Traffic Calming Project in Northside Kalamazoo

Exhibition driving, or fast, noisy driving that disturbs public peace, has been a constant source of frustration for Northside residents. Additionally, the problem is only increased when this dangerous driving takes place adjacent to LaCrone Park. The City has a potential solution to calm traffic and meets with Northside residents to discuss and preview.

Northside residents voice skepticism at the city’s solution to exhibition driving

The City of Kalamazoo installed semi-permanent street chicanes, bump-outs designed to yield traffic, on William Street, in response to Northside residents complaints of exhibition driving. A demonstration was held on Thursday, July 30 to demonstrate the effectiveness of the chicanes, and to allow city officials to hear resident feedback.

Exhibition driving, or fast, noisy driving that disturbs public peace, has been a constant source of frustration for Northside residents. Additionally, the problem is only increased when this dangerous driving takes place adjacent to LaCrone Park, a public space frequented by young children.

After analyzing traffic patterns, city officials have identified chicanes as a possible solution to dangerous driving. The project, estimated to cost $30,000, includes chicanes placed at 24 other Northside locations. However, residents are skeptical that the chicanes provide an effective solution to the problem. Residents wonder if speed bumps, which are less cost-effective, would be more effective than the chicanes. A driver sped through the chicanes during the city officials’ presentation, further illustrating their point.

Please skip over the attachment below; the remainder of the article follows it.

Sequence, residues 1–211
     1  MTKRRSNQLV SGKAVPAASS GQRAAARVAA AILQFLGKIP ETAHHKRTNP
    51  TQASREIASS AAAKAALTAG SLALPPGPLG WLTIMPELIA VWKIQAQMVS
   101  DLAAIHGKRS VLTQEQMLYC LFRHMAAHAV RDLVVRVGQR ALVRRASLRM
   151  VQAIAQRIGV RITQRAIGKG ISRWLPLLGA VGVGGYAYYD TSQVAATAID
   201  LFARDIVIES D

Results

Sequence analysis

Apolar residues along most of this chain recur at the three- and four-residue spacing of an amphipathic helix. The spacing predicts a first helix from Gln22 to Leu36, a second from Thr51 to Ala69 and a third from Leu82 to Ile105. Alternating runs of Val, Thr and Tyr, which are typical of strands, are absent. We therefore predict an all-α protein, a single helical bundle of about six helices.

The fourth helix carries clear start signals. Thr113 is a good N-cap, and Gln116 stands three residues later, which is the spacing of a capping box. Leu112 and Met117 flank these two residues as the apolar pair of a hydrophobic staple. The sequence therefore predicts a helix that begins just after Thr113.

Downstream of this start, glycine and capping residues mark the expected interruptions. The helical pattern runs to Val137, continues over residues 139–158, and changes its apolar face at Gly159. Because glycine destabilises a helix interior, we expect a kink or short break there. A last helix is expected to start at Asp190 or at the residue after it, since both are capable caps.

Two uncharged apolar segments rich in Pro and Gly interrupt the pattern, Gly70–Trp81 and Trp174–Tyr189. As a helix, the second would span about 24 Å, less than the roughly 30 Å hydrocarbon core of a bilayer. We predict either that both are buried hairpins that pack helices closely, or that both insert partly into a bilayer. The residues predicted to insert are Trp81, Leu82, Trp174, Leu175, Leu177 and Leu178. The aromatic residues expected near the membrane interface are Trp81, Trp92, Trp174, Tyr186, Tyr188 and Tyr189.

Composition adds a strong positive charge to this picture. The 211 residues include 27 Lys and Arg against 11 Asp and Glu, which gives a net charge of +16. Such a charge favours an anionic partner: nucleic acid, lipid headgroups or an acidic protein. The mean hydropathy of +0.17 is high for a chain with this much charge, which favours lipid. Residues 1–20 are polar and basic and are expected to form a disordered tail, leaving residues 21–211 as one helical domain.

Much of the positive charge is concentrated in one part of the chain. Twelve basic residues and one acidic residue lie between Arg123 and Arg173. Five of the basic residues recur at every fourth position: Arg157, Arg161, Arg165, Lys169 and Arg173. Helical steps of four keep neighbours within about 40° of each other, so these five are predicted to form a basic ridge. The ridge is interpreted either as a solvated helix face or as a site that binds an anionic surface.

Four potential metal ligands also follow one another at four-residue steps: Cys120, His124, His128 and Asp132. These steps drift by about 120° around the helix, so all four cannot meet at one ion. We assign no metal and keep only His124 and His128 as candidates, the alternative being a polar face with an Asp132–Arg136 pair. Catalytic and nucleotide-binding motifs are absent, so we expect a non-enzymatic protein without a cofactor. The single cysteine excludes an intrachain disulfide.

It is unclear if city officials will continue with their original plan to install more chicanes in 2020. Kalamazoo County Commissioner Stephanie Moore, however, is more concerned with the narrative that is told about the Northside. Her concern is that the media portrays Northside residents as the perpetrators of this reckless driving, when really the culprits do not live in the neighborhood, Moore said.

“Change the narrative, don’t make it just be about us,” Moore said. “We have to hold the people responsible that are sitting downtown that are making decisions.”